Australia is to review its espionage laws, the government’s chief legal officer said yesterday, as the country seeks to strengthen spy agencies strained by juggling counterterror work and worries about China’s rising influence.
For years Australia has been handing extra cash and extra powers to its police and spy agencies to bolster their counterterrorism abilities.
Then in December last year, responding to “disturbing reports about Chinese influence,” the government turned its attention to interference in politics and announced a crackdown on political donations and the outlawing of foreign interference.
“We live in an unprecedented age of foreign interference, influence, espionage and domestic terrorism,” Australian Attorney-General Christian Porter told radio station 5AA in Adelaide.
“We think it’s very appropriate to step back and look at the whole system from top to tail,” Porter said, adding that the government was not aiming its intelligence laws at “any one international country.”
However, the review, which is to run 18 months and is the deepest in four decades, is to be headed by former Australian spymaster Dennis Richardson, who last year warned that China in particular was conducting extensive espionage against Australia.
“With China we’re in a situation which we were never in previously, where we now have levels of concern — because they have levels of capacity and ambition — that weren’t the case,” said Greg Barton, a professor and security expert at Deakin University in Melbourne.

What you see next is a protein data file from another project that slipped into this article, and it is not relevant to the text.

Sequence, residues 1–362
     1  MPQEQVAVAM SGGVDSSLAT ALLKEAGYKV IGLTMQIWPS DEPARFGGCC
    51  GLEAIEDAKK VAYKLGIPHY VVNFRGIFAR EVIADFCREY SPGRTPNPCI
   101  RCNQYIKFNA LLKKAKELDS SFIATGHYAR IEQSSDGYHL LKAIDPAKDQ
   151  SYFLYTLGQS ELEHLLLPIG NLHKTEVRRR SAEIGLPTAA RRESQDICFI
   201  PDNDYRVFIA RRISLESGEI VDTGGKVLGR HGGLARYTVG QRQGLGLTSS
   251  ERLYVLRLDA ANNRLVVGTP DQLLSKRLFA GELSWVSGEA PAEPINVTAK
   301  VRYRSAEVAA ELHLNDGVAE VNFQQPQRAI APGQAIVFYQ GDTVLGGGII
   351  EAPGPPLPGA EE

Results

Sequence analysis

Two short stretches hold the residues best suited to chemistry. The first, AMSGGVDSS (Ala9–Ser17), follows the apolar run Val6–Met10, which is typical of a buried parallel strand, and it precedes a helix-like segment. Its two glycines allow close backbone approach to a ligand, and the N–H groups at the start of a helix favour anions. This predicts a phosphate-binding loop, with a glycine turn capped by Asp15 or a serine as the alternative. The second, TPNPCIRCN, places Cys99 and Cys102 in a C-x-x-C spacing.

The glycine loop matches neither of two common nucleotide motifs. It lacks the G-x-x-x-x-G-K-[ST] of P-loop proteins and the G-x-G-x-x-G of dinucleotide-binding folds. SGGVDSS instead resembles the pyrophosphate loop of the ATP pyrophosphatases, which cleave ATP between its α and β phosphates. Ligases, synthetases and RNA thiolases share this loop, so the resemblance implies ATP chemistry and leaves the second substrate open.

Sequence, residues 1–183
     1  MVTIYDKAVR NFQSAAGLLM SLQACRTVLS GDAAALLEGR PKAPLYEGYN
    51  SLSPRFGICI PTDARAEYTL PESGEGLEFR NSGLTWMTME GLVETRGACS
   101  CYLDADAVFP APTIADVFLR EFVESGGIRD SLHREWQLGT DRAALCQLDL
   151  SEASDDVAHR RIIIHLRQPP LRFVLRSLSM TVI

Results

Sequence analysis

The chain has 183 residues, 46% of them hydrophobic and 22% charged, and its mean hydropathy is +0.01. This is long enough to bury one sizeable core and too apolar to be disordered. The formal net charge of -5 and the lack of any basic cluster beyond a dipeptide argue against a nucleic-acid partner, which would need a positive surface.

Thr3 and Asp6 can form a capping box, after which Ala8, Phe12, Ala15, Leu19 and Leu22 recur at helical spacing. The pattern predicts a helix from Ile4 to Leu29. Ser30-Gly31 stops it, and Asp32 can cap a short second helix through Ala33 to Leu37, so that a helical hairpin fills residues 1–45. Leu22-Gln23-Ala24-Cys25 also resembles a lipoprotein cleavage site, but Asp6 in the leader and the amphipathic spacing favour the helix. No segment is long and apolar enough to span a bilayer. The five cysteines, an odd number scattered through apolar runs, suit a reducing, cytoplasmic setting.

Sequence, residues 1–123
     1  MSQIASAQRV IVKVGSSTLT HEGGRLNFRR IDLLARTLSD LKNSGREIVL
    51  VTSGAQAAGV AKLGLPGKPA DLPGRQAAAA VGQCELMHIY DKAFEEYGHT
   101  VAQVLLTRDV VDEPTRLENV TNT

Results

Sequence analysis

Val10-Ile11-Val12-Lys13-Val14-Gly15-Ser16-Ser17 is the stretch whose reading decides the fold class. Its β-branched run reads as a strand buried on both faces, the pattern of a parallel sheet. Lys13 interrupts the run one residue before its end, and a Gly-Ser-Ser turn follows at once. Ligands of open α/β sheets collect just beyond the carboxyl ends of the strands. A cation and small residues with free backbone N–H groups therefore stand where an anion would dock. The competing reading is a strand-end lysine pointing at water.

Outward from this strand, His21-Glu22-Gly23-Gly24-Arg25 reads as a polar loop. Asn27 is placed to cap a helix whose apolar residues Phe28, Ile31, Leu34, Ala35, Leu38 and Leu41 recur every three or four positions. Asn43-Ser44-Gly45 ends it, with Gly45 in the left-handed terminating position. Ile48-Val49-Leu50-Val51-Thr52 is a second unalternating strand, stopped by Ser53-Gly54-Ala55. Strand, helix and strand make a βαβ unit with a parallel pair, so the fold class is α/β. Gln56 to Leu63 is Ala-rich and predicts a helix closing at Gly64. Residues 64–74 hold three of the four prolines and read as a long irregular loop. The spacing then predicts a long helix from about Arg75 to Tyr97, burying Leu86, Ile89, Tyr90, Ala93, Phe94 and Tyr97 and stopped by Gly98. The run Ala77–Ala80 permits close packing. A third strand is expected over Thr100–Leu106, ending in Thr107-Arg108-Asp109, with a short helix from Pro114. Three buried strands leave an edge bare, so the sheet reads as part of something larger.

Outdated laws that have not kept pace with the advent of the Internet and cybersecurity challenges, as well as arcane information sharing rules between the nation’s intelligence agencies, are likely to be candidates for reform, Barton added.
A staunch US ally, Australia’s intelligence agencies have expanded while the nation has been on heightened alert from 2014 for attacks by home-grown militants returning from fighting in the Middle East.
That has helped to foil about a dozen plots since, authorities said.
At the same time, intelligence officers have found themselves increasingly focused on thwarting Chinese influence as public concern has deepened, while ties between the trading partners have soured.
Australian Security Intelligence Organisation Director-General Duncan Lewis, the nation’s spy chief, has said that universities need to be “very conscious” of foreign interference — an apparent reference to China’s perceived involvement on campuses.
This month, the rift between the two countries, opened in the wake of Australia’s foreign influence crackdown, widened.
Chinese Minister of Foreign Affairs Wang Yi (王毅) on Monday last week rebuked Australia for applying “colored glasses” to the relationship, as Australia’s largest winemaker — Treasury Wine Estates Ltd — suddenly encountered problems clearing its products through Chinese customs.
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